Oregon Department of Education (ODE) and Oregon Health Authority (OHA) have released a new toolkit for schools to help address a rise in deaths related to fentanyl and other opioids in Oregon. The Fentanyl & Opioid Response Toolkit for Schools will help school staff communicate to parents, caregivers and students about the dangers of illegal opioid use. It also describes how schools can create their own emergency protocols and access life-saving drugs.
The toolkit also provides advice on how to talk to loved ones about fentanyl and opioids, as well as how students can talk to each other about opioids.
“We want to make sure that youth have the ability to make healthy choices for themselves,” said Ely Sanders, school health specialist at ODE.
“One pill can kill”
Opioids are powerful drugs that are used legally to manage pain. But inappropriate use of opioids has been rising across the nation and in Oregon. Overdoses of these drugs are common when they’re used incorrectly. A particularly powerful synthetic opioid, fentanyl, has been flooding into the Pacific Northwest from illegal sources and causing deaths among youth and young adults.
Fentanyl is 50 to 100 times more potent than morphine and can kill someone in minutes. In 2020, 49 youth and young adults (under age 25) died from a fentanyl overdose in Oregon. In the first nine months of 2021, the number of youth and young adult deaths had already reached 73.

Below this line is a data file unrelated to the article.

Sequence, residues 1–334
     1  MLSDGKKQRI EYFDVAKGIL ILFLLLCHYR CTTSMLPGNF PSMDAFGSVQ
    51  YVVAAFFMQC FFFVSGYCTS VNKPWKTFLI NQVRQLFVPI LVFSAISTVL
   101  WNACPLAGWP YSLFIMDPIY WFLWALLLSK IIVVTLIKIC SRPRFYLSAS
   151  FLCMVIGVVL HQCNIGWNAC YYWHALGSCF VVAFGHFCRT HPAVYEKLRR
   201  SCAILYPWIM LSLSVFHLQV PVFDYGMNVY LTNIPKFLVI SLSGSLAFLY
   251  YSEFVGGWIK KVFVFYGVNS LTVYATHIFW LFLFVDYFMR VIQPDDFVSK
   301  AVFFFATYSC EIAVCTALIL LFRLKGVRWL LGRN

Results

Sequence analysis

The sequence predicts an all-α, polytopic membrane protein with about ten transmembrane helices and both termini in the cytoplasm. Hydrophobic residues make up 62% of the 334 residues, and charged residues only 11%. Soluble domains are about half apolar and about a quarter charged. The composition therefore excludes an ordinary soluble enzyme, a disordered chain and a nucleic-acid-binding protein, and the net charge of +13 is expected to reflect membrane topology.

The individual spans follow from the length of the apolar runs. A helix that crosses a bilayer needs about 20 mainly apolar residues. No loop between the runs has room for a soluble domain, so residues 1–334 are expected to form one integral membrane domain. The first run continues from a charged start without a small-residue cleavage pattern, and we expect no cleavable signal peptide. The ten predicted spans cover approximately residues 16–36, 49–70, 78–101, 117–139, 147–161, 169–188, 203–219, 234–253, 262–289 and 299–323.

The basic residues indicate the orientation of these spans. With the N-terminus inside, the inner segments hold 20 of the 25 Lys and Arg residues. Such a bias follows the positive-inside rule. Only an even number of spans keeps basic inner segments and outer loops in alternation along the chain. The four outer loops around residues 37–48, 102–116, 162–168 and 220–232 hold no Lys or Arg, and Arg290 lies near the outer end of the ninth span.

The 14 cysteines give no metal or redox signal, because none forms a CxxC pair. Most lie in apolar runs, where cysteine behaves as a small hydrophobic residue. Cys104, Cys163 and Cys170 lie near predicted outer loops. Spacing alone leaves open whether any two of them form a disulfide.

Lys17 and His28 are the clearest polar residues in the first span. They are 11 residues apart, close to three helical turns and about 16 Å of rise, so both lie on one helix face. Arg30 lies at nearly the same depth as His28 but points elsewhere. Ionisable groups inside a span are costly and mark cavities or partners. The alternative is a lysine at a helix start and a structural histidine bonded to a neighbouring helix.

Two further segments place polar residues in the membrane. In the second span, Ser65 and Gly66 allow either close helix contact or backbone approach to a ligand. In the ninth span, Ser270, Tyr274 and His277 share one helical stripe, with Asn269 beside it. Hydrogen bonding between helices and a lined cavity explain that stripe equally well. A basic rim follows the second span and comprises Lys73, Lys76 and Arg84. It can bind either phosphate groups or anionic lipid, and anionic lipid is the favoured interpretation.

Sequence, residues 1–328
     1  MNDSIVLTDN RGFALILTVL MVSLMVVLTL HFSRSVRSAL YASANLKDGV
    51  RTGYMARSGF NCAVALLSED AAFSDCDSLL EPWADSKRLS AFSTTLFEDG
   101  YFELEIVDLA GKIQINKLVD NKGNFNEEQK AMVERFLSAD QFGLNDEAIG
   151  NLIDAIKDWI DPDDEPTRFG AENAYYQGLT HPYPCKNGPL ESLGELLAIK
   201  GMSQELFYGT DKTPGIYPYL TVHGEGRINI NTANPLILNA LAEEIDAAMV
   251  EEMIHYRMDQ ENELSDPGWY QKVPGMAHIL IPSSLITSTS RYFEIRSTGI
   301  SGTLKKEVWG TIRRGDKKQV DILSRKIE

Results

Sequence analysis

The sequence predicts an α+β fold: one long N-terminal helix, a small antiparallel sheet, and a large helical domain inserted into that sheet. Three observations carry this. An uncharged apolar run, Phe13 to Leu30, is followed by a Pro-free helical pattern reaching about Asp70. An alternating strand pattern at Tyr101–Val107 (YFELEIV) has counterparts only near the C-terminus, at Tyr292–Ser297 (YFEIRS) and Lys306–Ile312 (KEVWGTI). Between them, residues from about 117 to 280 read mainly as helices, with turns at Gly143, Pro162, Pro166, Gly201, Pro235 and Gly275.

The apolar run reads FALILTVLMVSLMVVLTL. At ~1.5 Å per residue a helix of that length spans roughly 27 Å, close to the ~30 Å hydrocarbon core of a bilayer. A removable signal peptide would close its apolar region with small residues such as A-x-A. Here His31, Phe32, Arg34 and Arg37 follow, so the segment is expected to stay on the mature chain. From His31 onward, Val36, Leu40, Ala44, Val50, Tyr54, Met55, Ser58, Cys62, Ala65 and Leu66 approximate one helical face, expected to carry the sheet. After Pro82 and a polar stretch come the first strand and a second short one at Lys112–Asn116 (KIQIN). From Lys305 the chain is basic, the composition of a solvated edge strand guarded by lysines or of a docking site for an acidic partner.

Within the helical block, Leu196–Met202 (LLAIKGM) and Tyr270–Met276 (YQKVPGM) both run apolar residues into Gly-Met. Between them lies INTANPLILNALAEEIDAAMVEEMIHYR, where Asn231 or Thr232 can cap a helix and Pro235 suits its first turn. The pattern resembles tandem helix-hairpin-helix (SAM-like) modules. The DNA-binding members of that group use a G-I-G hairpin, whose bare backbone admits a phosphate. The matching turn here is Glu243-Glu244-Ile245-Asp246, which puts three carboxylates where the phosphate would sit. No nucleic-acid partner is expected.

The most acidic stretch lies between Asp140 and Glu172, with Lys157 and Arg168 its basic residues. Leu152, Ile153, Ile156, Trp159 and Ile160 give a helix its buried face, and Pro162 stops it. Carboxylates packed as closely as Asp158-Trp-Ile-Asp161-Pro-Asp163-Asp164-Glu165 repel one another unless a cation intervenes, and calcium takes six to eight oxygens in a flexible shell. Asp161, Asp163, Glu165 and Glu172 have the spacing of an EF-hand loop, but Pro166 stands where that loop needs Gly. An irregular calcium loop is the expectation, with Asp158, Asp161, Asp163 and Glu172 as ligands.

The graph here shows the rising trend of drug overdose deaths in Oregon, for all age groups, broken down by drug.
The key message that ODE and OHA want schools to send students and families is, “One pill can kill,” said Ashley Thirstrup, OHA’s interim director of health and education. Fentanyl is so potent it can kill someone quickly by causing them to overdose and stop breathing.
Many of the deadly pills that end up in schools are counterfeit.
Counterfeit pills are made in illegal labs and can be laced with fentanyl. They are often made to look like other opioids, such as oxycodone. Counterfeit fentanyl can also look like common non-opioid medication such as Adderall, which treats attention deficit hyperactivity disorder (ADHD), or the anti-anxiety medication Xanax.
“Any medication or pill that comes to you that’s not prescribed from your own doctor is a risk,” Thirstrup said.
Examples of authentic pills versus counterfeit pills
The new toolkit released by ODE and OHA prepares school leadership for a possible overdose on their campus. It describes how to access, store and administer naloxone (also known as Narcan), a nasal spray that can protect someone from overdosing. If someone is displaying symptoms of even a suspected overdose, administering naloxone to that person is harmless and could save their life.
“Naloxone is a life-saving medication that can restore breathing within minutes of an opioid overdose,” Thirstrup said.